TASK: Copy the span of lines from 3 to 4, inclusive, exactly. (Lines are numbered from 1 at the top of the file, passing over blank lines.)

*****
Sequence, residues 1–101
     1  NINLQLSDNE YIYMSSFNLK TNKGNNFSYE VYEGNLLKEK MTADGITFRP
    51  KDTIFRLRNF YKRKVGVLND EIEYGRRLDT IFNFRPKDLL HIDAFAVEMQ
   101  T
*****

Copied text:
    51  KDTIFRLRNF YKRKVGVLND EIEYGRRLDT IFNFRPKDLL HIDAFAVEMQ
   101  T